Chavakali Friends High School candidates sit for the 2016

KenyaCertificate of Secondary Education (KCSE) examination.

The Lesson: Corruption can be destroyed if there is proper strategy and planning backed by sufficient political will.

Its Inverse: If corruption continues it is due to the fact that there is insufficient strategy and planning with the political will to stamp it out.

Kenya has just had a remarkable example of staying the dragon of corruption. This concerns the marking of the Kenya Certificate of Secondary Education (KCSE) that students take at the end of their secondary school career. The results determine if the person will go on to university, a trade school, be accepted for employment, or join the myriad of people doing basic manual labor. To be accepted for university the student needs to obtain at least a C+ on the examination.

The following table shows the results from the 2016 examinations versus the 2015 examinations.



Results Results  
  2016 2015 Change

























Total to University



































This table clearly shows that the number of students receiving high marks declined drastically while those at the bottom who failed or were close to failing increased substantially. The number of top “A” students declined by 95%. Forty-eight percent or 80,881 fewer students were eligible to attend university.

What happened? Exam cheating was eliminated. In 2015 cartels received the exams prior to the examination date and sold them to those with the funds and connections to buy them. Exams were graded regionally and people bribed those grading the exams to give their son or daughter good marks. Then during the month or two it took to announce the results, for an appropriate bribe, education officials were willing to doctor the results. Over 5,000 student scores were discounted because cheating was detected. The whole system was corrupt. Many of those students who were accepted to universities flunked out because they were not prepared for university work.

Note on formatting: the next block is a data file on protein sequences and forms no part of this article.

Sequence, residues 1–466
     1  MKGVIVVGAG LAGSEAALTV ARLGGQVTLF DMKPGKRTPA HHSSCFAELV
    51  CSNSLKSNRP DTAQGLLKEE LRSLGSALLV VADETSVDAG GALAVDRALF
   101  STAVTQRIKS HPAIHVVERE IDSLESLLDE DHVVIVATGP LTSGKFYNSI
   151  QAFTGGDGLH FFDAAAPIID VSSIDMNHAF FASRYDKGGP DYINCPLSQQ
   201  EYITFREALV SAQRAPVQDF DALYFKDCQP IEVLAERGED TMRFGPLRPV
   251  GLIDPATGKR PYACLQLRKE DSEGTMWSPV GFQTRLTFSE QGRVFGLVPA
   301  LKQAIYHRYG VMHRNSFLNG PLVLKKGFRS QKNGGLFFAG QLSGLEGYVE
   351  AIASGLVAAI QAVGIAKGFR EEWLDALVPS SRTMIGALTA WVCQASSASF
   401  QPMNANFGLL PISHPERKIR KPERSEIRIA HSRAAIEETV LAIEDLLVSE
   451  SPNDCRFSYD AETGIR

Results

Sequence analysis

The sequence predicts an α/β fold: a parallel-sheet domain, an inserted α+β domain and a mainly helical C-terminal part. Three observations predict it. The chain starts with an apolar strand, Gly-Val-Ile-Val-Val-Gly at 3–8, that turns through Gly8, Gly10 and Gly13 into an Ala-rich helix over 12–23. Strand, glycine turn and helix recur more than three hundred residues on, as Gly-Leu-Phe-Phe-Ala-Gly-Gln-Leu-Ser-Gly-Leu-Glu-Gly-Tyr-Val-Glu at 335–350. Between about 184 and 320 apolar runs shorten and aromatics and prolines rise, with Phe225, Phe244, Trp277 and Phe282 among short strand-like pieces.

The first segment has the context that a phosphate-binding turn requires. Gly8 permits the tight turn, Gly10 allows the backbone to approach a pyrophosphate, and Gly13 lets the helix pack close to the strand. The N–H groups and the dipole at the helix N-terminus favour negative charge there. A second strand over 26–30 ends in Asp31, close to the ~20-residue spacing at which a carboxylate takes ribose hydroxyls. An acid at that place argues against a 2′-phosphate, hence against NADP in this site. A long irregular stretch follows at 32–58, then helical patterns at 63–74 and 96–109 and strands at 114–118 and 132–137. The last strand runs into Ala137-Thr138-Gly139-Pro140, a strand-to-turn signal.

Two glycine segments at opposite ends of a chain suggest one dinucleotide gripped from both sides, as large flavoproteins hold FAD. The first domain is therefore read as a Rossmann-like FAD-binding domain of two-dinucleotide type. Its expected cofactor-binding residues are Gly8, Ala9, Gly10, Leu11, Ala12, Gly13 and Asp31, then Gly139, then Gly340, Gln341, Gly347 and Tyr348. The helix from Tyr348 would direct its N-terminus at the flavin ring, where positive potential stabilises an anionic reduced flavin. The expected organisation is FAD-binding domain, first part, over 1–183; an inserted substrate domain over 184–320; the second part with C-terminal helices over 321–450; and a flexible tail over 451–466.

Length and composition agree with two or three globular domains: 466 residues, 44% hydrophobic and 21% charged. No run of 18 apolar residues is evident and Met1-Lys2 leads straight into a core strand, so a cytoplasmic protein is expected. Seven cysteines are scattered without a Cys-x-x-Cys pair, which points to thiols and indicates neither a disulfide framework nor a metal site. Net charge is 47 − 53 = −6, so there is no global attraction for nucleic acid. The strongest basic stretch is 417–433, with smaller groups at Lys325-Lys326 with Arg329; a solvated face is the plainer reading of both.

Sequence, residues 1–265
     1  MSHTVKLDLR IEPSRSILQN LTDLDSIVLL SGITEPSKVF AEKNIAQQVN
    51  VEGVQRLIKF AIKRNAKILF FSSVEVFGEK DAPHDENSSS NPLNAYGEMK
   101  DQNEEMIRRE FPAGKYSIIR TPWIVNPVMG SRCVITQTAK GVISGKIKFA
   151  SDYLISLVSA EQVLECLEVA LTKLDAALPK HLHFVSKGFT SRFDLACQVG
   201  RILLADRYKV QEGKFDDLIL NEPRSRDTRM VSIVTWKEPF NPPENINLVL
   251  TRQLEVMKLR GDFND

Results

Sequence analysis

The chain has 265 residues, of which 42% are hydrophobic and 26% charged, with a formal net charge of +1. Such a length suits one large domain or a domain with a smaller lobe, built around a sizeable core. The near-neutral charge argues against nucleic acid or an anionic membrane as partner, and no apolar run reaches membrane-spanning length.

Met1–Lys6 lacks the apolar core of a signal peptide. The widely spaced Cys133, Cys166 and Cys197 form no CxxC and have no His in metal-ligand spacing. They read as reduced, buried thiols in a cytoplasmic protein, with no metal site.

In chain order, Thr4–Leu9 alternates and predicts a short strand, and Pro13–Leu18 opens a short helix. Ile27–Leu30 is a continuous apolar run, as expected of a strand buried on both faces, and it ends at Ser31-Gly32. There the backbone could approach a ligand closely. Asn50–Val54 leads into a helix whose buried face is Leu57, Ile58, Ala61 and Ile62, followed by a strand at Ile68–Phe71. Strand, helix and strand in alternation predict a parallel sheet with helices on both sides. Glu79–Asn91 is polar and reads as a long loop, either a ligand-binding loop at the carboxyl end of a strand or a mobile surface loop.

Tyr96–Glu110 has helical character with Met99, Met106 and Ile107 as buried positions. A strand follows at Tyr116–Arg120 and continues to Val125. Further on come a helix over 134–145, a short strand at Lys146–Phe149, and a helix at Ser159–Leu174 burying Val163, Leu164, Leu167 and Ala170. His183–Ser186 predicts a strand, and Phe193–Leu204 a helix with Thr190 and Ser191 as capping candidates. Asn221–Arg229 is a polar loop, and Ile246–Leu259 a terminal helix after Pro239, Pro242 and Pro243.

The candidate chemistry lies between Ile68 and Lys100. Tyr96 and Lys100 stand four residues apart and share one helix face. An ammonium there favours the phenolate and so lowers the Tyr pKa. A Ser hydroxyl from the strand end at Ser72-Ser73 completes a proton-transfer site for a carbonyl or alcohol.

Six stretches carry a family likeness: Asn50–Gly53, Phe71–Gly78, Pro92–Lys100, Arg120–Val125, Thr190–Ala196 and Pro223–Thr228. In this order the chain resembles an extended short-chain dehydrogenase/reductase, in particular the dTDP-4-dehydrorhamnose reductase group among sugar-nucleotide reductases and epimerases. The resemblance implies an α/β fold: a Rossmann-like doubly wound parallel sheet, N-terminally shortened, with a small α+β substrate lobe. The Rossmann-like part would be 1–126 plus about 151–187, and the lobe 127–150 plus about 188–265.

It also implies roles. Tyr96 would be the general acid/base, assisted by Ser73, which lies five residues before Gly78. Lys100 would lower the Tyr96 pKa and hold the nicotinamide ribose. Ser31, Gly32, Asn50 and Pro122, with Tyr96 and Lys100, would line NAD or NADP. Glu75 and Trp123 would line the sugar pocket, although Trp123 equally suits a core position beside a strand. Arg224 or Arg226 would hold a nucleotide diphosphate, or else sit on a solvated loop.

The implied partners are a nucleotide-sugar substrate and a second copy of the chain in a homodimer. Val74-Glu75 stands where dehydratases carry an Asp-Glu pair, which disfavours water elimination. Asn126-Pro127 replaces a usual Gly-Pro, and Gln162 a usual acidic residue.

On 24 November 2015, Fred Matiang’i was appointed as the cabinet Secretary for Education. One of his charges was to clean up the mess in the conduct of the primary and secondary examinations. He needed to take tough action. On March 23 he dissolved the Kenya National Examinations Council’s (KNEC) board response for the exams. He sacked the chairman and ordered the arrest of the council’s chief executive officer and eight other senior officers over examination irregularities. He appointed Professor George Magoha, a surgeon and former Vice-Chancellor of the University of Nairobi, as the new chairman. Before taking the position Prof Magoha, noted for his tough stance at the University, asked for authority and support for whatever procedures he needed in order to clean up the examination system. He was promised this support (that is, the political will to do what it would take).